CHANEL and the Diamond
"If I have chosen the diamond,
it is because it represents, in its density
"the greatest value
in the smallest volume."
long known for her costume jewellery
featuring pearls of the Orient and colourful gems,
turns her attention
to the most precious of stones, the diamond.
Still reeling from the 1929 economic crisis
the diamond merchants single out Mademoiselle Chanel
over the grand jewellers of the place Vendôme
to give diamond its true brilliance.
So begins the most ephemeral,
the most legendary of collections.
simplifies jewellery settings
rendering the previous styles
out of date.
No longer is the stone itself supreme,
but as in couture,
the lines and patterns as well.
She daringly sets her diamonds
as she once remounted
the jewels given to her by the Duke of Westminster
to create new works of art.
She makes fluidity a principle
and freedom a virtue,
sending comets sparkling across shoulders
and showering the décolletage with stars.
"I want," she said, "jewels that slip
between the fingers of a woman like a ribbon."
Gabrielle Chanel plucks
the stars out of the Parisian sky.
"I wanted to shower women
"The stars! Stars of all sizes
to sparkle in their hair."
She selects five themes
for the "Bijoux de Diamants" Collection.
Five, her lucky number,
the key to her style
expressed in the magic of stars,
the rays of the sun,
the sensuality of ribbon,
the style of the fringe
and the lightness of feathers.
the darkest period of her childhood
by recreating in diamonds,
stars, crescent moons, suns and Maltese crosses.
which were laid out in the paving stones
of the Abbey of Aubazine,
upon which the young orphan
trod every day on her way to mass.
Gabrielle Chanel does not exhibit
her jewellery in her boutique on the rue Cambon,
but in her own home,
at 29, Faubourg Saint Honoré.
Refusing display cases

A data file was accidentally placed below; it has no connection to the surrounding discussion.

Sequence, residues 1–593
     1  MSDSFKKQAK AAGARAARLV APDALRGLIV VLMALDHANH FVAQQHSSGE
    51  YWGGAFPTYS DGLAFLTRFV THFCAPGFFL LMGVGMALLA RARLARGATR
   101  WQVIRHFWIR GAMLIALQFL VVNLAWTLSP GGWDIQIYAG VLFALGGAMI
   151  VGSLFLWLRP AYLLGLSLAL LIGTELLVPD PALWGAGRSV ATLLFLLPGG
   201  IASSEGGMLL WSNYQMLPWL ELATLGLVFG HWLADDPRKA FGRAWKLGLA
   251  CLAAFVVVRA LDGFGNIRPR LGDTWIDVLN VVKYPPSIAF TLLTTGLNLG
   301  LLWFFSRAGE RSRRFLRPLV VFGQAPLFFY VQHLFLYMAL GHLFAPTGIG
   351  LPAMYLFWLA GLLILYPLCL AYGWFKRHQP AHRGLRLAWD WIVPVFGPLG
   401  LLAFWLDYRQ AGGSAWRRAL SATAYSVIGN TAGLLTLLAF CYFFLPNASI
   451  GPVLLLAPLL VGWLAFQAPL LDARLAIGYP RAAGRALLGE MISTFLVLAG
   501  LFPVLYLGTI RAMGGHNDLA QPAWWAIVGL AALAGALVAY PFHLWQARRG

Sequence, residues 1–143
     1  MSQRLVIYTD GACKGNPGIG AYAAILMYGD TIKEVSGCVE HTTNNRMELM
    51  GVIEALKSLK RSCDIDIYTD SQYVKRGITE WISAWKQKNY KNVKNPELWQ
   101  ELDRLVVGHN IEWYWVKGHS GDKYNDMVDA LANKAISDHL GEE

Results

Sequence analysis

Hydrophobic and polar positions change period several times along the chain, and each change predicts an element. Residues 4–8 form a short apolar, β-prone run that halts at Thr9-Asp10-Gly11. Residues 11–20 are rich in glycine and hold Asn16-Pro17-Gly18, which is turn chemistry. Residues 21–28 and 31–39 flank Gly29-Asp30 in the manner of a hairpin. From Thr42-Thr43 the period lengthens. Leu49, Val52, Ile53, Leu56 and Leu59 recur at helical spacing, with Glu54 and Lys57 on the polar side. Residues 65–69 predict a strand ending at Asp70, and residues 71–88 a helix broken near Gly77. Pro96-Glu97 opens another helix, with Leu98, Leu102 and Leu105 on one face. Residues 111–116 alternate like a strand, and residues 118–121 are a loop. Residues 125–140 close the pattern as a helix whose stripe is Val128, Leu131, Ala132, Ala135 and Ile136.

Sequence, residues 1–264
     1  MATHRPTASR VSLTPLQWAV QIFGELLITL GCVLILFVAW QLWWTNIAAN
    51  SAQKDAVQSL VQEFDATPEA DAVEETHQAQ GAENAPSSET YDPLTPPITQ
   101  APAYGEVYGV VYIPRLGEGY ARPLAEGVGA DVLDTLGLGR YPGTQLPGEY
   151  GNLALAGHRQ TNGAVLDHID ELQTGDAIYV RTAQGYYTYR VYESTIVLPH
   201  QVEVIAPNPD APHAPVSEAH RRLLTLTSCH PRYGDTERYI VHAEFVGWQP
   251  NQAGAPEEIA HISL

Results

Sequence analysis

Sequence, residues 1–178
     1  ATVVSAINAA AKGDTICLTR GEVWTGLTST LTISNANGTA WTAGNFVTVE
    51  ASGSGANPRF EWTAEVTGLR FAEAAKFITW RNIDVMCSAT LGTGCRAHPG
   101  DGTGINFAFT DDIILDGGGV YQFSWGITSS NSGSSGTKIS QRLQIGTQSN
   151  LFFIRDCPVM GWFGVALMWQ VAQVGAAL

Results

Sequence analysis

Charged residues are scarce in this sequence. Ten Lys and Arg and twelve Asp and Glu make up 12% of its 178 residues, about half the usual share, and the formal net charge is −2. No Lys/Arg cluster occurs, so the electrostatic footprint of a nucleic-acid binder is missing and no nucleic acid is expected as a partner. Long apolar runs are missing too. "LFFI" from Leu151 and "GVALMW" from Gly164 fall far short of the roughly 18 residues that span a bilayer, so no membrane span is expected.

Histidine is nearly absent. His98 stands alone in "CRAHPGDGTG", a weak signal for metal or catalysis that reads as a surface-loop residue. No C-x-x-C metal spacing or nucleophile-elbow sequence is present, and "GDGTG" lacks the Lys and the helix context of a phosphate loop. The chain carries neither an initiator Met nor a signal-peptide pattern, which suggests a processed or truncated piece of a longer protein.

and black velvet cushions,
she prefers to show her jewels
on simple wax mannequins,
their hair styled
and faces touched with makeup.
The male dominated world
of the place Vendôme
demands that the jewels
be disassembled after the Exhibition.
But, as Mademoiselle said,
"are not the most beautiful things made to circulate?"
The 1932 Collection will be
Gabrielle Chanel's first and only High Jewellery collection.
But with it she establishes
a timeless code:
creativity over ostentation,
lightness over exaggeration.
The innovations of the first couturier
to venture into the place Vendôme
spread like wildfire,
waking the world of fine jewellery from its slumber.
Today, the collections
are enriched by those of yesterday,
reinterpreting stars, fringes, and ribbons
and invoking other elements
of the universe of Mademoiselle:
the camellia, the lion and the pearl.
Today, a diamond necklace
worn over a simple t-shirt
Is the epitome of elegance.
An unspoken homage to one for whom beauty
was not an obligation or a convention
but simply a way of being.
These are the women
who choose Chanel diamonds.
Today, their jewels are no longer
trophies given by admirers, but symbols of liberty.
A cluster of diamonds on the jacket,
on the skin or in their hair,
adorning them with their brilliance,
their strength and their fire.
CHANEL and the Diamond